Subsea/Surface Systems Technology
The Pride Africa drillship had great success in the recovery of its deepwater riser string offshore Angola.
Pride picks up the pieces
The Pride Africa drillship had great success in the recovery of its deepwater riser string offshore Angola. The vessel dropped its riser and blowout preventer (BOP) stack in 5,400 ft water depth last November when there was a parting of the drill line. Since then, the vessel has been repaired and re-certified. The vessel recently returned to the scene of the accident and recovered all the riser joints lost in the incident. As this was being written, the Pride Africa was conducting excavation operations around the BOP prior to recovery.
The BOP was saved for last. When excavation began, silt was blown around the sea floor, and if the riser joints were still there, the debris would cover them up. Even before work began on recovering the riser joints, the wellhead was protected. Pride said the wellhead is in no danger from the work going on and was not damaged in the accident.
When the riser was dropped, it broke off from the BOP, leaving a joint and a half sticking out of the stack. The BOP sank about 25 meters into the seabed, where it rests upright in the mud. This position was a break for the owner. Had the BOP stack fallen over on its side, it would have been more difficult to recover.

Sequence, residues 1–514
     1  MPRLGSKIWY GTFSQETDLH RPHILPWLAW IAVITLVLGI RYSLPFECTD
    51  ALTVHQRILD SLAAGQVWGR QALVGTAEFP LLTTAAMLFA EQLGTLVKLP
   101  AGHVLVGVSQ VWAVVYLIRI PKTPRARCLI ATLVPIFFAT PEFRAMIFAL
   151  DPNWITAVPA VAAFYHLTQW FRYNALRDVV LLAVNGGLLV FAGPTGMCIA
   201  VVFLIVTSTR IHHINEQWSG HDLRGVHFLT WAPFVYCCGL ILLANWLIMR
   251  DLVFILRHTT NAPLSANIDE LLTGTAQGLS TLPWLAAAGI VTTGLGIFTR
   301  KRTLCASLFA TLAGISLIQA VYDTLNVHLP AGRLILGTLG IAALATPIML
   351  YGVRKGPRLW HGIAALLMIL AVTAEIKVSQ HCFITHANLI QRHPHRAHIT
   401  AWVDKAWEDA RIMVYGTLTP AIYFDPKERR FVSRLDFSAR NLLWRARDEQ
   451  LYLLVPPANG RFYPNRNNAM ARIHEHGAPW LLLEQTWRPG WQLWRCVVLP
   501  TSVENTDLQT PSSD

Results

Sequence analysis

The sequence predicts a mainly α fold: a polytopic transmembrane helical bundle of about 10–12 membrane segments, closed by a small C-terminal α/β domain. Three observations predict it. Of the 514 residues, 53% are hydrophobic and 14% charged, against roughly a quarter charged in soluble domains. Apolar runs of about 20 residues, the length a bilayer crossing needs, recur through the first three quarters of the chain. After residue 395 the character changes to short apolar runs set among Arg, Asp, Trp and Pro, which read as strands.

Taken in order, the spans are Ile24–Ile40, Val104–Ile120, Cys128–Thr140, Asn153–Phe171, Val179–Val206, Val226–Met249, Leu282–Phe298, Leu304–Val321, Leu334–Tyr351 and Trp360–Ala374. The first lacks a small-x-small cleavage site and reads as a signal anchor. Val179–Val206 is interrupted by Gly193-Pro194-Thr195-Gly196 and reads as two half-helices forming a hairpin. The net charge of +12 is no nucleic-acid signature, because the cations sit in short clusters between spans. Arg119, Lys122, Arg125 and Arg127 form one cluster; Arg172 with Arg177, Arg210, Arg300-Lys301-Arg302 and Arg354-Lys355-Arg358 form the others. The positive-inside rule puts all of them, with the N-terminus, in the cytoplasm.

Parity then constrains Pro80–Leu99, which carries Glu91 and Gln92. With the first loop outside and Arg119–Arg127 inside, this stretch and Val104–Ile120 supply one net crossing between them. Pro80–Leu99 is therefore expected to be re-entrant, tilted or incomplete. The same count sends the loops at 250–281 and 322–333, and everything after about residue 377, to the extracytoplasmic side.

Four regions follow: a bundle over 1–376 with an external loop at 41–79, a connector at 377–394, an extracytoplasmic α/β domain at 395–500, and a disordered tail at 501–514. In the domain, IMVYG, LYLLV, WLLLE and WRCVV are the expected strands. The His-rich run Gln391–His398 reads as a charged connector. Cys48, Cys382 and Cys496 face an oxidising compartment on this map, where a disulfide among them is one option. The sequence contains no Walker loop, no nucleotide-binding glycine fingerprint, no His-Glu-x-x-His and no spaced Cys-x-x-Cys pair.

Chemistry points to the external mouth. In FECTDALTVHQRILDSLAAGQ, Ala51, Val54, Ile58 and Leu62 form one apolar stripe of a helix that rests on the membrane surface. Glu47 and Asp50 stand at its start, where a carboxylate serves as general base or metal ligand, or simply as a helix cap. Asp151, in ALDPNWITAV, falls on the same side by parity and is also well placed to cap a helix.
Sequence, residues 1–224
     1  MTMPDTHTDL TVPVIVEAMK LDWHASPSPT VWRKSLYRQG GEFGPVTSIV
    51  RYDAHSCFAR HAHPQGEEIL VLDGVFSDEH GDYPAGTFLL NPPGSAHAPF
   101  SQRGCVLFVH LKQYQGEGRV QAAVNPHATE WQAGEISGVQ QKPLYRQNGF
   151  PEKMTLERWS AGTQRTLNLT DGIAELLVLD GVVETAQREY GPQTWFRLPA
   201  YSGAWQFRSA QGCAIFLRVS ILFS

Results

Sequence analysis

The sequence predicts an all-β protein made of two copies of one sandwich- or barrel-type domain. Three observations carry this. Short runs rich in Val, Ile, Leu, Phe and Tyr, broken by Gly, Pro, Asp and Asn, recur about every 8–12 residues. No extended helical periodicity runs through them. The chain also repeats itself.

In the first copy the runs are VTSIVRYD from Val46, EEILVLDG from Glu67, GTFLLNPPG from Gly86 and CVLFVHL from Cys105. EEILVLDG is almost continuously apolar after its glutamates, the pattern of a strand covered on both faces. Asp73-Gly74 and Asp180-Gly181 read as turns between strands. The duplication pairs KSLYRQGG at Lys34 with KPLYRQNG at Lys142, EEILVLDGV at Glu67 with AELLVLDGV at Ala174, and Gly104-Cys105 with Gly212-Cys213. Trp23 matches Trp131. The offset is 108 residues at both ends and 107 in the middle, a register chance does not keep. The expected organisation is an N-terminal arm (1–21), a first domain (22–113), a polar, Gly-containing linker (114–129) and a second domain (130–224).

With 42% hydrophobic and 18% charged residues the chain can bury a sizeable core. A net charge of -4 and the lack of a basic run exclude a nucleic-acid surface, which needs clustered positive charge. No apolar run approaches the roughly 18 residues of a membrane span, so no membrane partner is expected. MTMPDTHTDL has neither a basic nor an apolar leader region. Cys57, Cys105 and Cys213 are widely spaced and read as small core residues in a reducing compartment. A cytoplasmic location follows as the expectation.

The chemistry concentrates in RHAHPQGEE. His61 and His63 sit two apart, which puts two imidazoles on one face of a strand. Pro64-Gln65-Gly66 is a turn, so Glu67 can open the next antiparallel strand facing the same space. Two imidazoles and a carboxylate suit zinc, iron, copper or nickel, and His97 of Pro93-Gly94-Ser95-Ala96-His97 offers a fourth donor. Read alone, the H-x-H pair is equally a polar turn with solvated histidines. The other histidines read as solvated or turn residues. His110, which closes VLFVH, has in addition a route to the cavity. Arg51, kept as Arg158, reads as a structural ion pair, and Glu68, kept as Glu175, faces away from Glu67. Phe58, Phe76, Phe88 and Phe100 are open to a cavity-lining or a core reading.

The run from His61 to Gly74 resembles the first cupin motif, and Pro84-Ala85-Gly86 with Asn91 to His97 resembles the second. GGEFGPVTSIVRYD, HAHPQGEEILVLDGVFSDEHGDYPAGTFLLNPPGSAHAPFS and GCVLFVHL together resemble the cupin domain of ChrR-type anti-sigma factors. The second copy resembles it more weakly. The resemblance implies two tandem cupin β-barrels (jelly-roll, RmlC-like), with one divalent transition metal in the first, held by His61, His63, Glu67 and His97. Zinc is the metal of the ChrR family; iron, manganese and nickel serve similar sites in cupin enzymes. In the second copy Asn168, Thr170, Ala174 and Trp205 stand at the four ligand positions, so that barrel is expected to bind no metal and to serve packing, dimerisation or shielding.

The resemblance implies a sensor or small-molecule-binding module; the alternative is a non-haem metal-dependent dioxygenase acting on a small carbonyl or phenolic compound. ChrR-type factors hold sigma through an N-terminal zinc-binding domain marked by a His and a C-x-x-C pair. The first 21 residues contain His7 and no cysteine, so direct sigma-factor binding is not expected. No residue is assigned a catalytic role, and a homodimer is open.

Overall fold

Pride will use a combination of turbo prop fans and seabed excavation tools to clear away the silt and sand around the BOP. There are three possible recovery options. The BOP stack could be fished, using casing, riser, or drillpipe, depending on how successful the excavation is. Regardless of the level of success achieved on recovering the BOP, Pride Africa will return to drilling in April. The vessel has replaced the lost equipment and is not relying on the success of these efforts to continue operations.
Tetherless, high-pressure pipeline isolation tool
Plugging Specialists International AS (PSI) of Stavanger, Norway has installed two high pressure, remotely operated tetherless pipeline pressure isolation tools. Called PSI SmartPlugs, this tool allows communication and data transmission through the pipewall, using extremely low frequency electromagnetic signals. An antenna is lowered to the seafloor near the pipeline at the plug location. Instructions are sent through the pipewall using a laptop computer topside. Once the tool is set and holding pressure, the communication system continues to monitor all plug and pipeline pressures.
Previous pipeline isolation plugs were actuated using hoses running from the plug, through the launcher, to a hydraulic system outside the pipeline. This design limited piggability, pressure rating, and the distance the plug could travel. The hydraulics and pressure monitoring equipment are inside the SmartPlug, coupled to an onboard computer and communication system. The elimination of tethers means there are no holes in the launcher, and the pigging distance is virtually unlimited.
The SmartPlug system conducts plugging remotely without insert cabling.